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Around 80,000 workers find themselves with no job since KTVs, nightclubs and casinos are closed
PHNOM PEHN—About 30 workers from the Cambodian Food And Service Workers Federation (CFSWF) gathered in the rain in front of the Ministry of Labor and Vocational Training on June 10 to ask for support to help with living expenses while they are unemployed due to the Coronavirus Disease 2019 (COVID-19).
They asked the government for $40 per person per month as the authorities are providing unemployed garment and tourism workers—in those sectors, the government agreed to pay $40 per month to suspended workers registered with the Ministry of Labor while employers pay $30 a month.
The CFSWF workers also asked for government support to have landlords reduce their room rentals by 50 percent while they have no job.
Tem Sreymech worked for a KTV (karaoke club) until the Cambodian government ordered the temporary closure of all KTVs, nightclubs, cinemas and casinos last March to prevent the spread of the coronavirus.
Originally from Kratie Province, she finds herself unemployed with a bank loan to pay, two children and her parents to support, she said. "I have to pay $ 70 a month for a…room plus water and electric costs."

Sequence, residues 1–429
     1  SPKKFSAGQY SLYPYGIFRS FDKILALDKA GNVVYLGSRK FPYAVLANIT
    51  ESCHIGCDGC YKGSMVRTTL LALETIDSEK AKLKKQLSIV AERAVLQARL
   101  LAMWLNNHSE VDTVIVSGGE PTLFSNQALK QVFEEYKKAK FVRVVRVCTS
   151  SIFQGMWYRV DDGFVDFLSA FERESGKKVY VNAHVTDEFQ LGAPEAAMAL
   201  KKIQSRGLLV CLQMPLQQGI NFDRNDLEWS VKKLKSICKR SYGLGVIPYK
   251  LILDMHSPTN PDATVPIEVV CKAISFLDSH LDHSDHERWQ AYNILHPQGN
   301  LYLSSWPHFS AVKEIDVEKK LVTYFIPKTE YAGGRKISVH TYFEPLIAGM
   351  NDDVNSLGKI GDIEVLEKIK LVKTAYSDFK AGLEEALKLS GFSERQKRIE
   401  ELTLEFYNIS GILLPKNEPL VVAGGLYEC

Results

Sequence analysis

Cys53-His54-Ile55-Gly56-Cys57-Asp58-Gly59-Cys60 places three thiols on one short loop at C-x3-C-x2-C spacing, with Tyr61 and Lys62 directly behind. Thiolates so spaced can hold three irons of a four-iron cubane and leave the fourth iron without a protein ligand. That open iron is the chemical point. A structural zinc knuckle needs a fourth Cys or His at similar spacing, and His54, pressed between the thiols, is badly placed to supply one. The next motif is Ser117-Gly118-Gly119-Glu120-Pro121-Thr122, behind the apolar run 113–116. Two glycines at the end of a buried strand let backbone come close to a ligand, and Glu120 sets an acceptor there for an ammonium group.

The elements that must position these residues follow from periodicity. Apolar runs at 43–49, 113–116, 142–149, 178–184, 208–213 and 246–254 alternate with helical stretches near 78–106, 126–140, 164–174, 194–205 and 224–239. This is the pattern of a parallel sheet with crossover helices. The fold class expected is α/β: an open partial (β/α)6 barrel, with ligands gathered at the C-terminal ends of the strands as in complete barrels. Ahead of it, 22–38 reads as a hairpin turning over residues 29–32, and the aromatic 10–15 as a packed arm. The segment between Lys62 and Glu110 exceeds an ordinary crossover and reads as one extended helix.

She now does laundry and any work she can find. But getting $40 a month would make a huge difference, Sreymech said. She also would like to see water and electricity rates as well as room rent reduced while she is unemployed.
According to CFSWF President Ou Tepphallin, about 80,000 workers have been affected by the closure of KTVs, nightclubs, cinemas and casinos. Many of them have returned to their villages or towns, she said. A few have managed to find work cleaning dishes in restaurants while others have turned scavengers, Tepphallin said.
On June 10, the CFSWF workers’ petition was received by a ministry’s representative but no response was made, she added.
Asked about the petition, Heng Sour, spokesman for the Ministry of Labor, said Thursday (June 11) that the government has a package of social assistance interventions for the general population, with a budget of approximately $300 million.
Social assistance programs are there to help poor families and migrant workers when they return home, Sour said. Workers can apply for or obtain employment through social assistance programs, he added.